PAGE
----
People gather next to flowers placed as a tribute for Queen Elizabeth outside the British Consulate in Hong Kong on September 10. Photo: AFP
Phil C. W. Chan
Phil C. W. Chan

Commonwealth and global grief are testament to Queen Elizabeth’s enduring legacy

  • The queen was a symbol of constancy and stability amid 70 years of change, and Hongkongers join the rest of the world in mourning her passing
  • The challenges facing the Commonwealth in optimising its relevance and sustaining its unity will go some way to determining whether King Charles’ reign is a success
“Grief is the price we pay for love”, said Queen Elizabeth, who died last Thursday at the age of 96 after more than 70 years of reign.
There is little doubt Hongkongers around the world join the peoples of the United Kingdom and across the Commonwealth in mourning the death of our “boss lady”. The long, close bond between Hong Kong and the UK has endured after Hong Kong ceased to be a Crown colony in July 1997, even if Beijing and its new regime at Tamar say it never was one.

In mourning the loss of another person, we also mourn the loss of those parts of ourselves that person embodied. We mourn the loss of parts of our identity, of our sense of continuity with the past and an altogether uncertain future.

The queen was one constant, a bastion of stability, in the lives of billions of people amid the sea change in the past 70 years. She was queen of 15 British prime ministers, starting with Winston Churchill. During her reign, 14 US presidents and seven popes came and went.

It was just five years before she acceded to the throne that India attained independence from the British Empire, on which the sun had never set for more than three centuries. At the time of her coronation, the empire included more than 70 overseas territories, even though its decline and the eventual process of decolonisation were already in motion.


Hongkongers remember Queen Elizabeth

Hongkongers remember Queen Elizabeth

In an age where “look at me”, “my truth” and “me, me, me” reign supreme, the queen was the personification of what public service should be. She was one female leader her peoples considered their mother, grandmother or great-grandmother without ever declaring herself as such. A queen who pledged her allegiance to her peoples on her 21st birthday, and never swayed. A queen who had no airs, united her peoples during her life and in her passing, and knew how to use her Oyster card.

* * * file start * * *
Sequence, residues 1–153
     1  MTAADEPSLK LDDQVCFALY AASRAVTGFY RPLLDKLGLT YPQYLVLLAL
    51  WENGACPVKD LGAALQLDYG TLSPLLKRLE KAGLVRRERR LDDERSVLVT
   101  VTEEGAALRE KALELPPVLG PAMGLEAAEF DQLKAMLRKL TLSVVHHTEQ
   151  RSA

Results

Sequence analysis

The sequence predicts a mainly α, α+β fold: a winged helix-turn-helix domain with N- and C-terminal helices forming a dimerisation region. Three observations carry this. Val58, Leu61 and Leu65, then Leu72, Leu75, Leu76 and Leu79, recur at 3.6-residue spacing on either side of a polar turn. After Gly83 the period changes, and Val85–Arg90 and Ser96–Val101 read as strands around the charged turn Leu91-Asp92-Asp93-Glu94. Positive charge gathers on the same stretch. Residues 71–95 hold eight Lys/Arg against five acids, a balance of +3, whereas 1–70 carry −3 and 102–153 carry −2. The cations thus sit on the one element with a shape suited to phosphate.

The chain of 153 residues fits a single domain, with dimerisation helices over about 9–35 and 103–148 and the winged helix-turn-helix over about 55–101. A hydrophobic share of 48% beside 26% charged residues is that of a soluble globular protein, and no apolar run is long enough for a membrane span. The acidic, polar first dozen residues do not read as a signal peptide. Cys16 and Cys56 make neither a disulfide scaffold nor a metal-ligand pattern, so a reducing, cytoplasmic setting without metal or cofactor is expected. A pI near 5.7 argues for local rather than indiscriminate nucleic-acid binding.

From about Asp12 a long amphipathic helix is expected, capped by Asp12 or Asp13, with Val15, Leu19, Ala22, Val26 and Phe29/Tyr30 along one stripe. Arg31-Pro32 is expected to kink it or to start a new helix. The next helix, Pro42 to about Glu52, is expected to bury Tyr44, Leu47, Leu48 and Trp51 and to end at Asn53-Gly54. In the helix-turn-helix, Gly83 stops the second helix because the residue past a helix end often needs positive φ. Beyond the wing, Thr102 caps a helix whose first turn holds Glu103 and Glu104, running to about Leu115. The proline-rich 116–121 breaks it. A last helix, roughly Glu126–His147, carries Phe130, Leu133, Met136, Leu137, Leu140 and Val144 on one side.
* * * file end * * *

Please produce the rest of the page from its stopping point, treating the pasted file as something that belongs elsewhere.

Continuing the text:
The queen regarded as one of her greatest achievements the Commonwealth, into which the empire transformed. It tied diverse peoples from all corners of the globe into one family of nations.

Her death inevitably will renew debate in the 14 independent countries outside the UK that have retained the British monarch as their sovereign. Even before the sad news last week, several countries – including Antigua and Barbuda, the Bahamas, Belize, Grenada, Jamaica, St Kitts and Nevis, Australia and New Zealand – had indicated their intent to eventually have an elected head of state from among their own peoples.

At the meeting of Commonwealth leaders in Kigali, Rwanda, in June, the then-Prince Charles acknowledged it was for these countries to decide on their own constitutional arrangements. There are concerns, however, that upon severing their links with the British monarch, they might leave the Commonwealth completely.


‘Operation London Bridge’: How King Charles will take the throne after Queen Elizabeth

‘Operation London Bridge’: How King Charles will take the throne after Queen Elizabeth

With many of its 56 member states especially affected by global warming, more than 60 per cent of its 2.5 billion people under the age of 30, and democracy, human rights and the rule of law as its proclaimed shared values, the Commonwealth is well-positioned as a deliberative forum and engine for sovereign nations to achieve positive change across the world, particularly on climate change and youth empowerment. The Commonwealth is soft power diplomacy par excellence.

The Commonwealth also matters because it offers an avenue through which its member states can navigate and resolve issues of high politics despite diverse political interests. The Solomon Islands’ complicated relationships with China, Australia and New Zealand, as well as Sri Lanka’s economic and geopolitical dependence on both China and India, are two examples that highlight how the Commonwealth can help maintain international peace and security in tandem with China’s rise.

As prince, Charles did not have the most cordial relations with Chinese leaders in the best of times. As king, he is now required to be politically neutral on all matters of concern. In light of the dismal state of relations between China and the UK and many Commonwealth members, the challenges facing the Commonwealth in optimising its relevance and sustaining its unity are some that will determine whether his reign is a success or a failure.

Yet even China and the staunchest critics of monarchy can agree that these matters can wait while the UK and the Commonwealth mourn. President Xi Jinping has sent condolences to King Charles III and the royal family, while the Australian Republican Movement and chair Peter FitzSimons released a statement in which they paid “due respect to the significant contribution made by Queen Elizabeth II over more than seven decades as Head of State to Australia and 14 other nations”.

To say the queen made a “significant contribution” would be a classic British understatement. Leonardo da Vinci is quoted as observing that “as a day well spent brings happy sleep, so life well used brings happy death”. Rest in peace and thank you, boss lady. Your legacy, and your vivid and bold colours, live on in our hearts.

Phil C.W. Chan is a London-based legal scholar and Human Rights Press Awards recipient